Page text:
Unicast to Keep Enliven Format
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Rich media advertising player Unicast said it plans to keep the Enliven format alive, continuing the industry's earliest rich media format but with a streamlined product line.
New York-based Unicast said the changes in the format, which it acquired through the purchase earlier this month of troubled Enliven Inc., come in response to demand from previous Enliven clients, who requested it simplify the way the format is sold.
Previously, Waltham, Mass.-based Enliven Inc. had offered a slew of more than 10 different ad types, each with a different form of interactivity or shape, ranging from drop-down banners to video-embedded large rectangles.
Now, Unicast will sell Enliven-format ads based only on size -- banner, skyscraper, or large rectangle -- and allow advertisers to pick-and-choose one or more types of rich media or interactivity they wish to add to the ad. That's similar to how advertisers and agencies already buy and create ads in Unicast's flagship format, the Superstitial.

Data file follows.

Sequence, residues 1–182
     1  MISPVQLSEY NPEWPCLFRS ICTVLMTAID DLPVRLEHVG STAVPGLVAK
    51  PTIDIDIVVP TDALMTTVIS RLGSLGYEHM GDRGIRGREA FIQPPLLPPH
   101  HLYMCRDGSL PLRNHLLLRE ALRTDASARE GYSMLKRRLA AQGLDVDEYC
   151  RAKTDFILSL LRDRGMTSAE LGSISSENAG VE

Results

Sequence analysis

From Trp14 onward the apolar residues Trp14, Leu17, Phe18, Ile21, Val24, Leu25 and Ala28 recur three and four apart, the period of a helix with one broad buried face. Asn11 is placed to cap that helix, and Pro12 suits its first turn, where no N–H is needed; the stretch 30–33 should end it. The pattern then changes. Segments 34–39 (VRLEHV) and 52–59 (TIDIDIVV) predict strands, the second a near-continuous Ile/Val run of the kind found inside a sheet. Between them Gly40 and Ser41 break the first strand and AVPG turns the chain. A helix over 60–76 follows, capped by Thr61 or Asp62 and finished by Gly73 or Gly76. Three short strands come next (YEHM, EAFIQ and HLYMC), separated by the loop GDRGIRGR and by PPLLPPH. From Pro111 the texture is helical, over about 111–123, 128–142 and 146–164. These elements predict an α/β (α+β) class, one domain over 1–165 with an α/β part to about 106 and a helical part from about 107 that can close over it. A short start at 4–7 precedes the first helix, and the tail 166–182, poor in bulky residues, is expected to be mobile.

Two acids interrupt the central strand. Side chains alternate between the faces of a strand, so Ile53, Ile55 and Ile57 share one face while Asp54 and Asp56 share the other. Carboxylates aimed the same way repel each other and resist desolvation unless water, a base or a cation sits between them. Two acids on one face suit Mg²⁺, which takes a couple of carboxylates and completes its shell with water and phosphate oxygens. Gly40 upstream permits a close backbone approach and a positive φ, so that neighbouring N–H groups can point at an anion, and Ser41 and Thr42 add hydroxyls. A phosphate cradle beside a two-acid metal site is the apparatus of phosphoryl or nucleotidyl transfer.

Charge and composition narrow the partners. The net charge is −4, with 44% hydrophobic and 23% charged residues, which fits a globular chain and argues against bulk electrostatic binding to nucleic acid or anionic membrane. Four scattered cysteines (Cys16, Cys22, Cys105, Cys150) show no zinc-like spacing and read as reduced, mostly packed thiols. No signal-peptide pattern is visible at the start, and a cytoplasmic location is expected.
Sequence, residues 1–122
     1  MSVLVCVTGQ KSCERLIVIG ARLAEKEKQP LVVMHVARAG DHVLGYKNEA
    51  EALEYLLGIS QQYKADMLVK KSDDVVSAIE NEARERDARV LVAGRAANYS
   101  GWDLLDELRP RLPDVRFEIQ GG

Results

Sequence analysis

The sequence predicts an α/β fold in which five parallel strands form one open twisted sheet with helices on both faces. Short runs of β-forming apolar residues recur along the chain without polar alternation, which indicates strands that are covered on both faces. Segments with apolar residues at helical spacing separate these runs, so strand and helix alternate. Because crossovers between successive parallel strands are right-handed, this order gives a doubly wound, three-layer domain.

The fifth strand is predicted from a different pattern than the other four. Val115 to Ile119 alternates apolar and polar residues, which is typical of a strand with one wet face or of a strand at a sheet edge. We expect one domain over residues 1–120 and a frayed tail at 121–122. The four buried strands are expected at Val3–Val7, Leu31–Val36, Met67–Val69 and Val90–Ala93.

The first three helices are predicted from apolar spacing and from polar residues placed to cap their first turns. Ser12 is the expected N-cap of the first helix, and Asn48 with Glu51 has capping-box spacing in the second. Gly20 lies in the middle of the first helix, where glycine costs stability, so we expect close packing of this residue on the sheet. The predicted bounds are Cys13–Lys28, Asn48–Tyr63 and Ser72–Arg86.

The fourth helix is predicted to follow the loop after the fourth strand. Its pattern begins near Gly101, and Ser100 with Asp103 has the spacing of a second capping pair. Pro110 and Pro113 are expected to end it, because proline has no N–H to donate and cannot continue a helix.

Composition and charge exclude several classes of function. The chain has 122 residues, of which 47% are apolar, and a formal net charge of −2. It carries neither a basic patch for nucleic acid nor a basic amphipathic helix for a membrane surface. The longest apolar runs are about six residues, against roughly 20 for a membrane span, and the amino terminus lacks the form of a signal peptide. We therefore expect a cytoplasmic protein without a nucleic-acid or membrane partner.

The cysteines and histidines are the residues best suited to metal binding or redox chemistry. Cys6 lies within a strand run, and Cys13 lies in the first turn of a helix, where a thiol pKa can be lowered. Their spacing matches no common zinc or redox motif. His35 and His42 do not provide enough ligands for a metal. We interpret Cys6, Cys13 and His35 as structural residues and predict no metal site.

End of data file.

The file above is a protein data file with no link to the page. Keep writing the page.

By reducing the number of available Enliven products, Savarino also said that development and quality assurance testing should become more efficient as a result, and rich media more appealing to clients.
"It takes down the barriers of making [advertisers] confused by having too much thrown at them at once," she said, adding that advertisers hadn't understood that they could add more than a single form of rich media to Enliven ads. "They thought it was 'either-or', which just makes it more evident that the industry was just overwhelmed with choices."
Savarino said that Unicast would also continue to develop within the Enliven format, potentially adding new rich media capabilities in the future.
Unicast's rejiggering of the Enliven product line comes under the firm's self-appointed mission to reduce the number of ad formats in the marketplace, so as to make the rich media space less complicated for buyers.
In addition to the purchase and reorganization of Enliven, Unicast also is leveraging its recently awarded patent to require sellers of rival formats to exit the space. The firm has already sent "cease and desist" letters to several companies that included Enliven Inc., prior to the sale.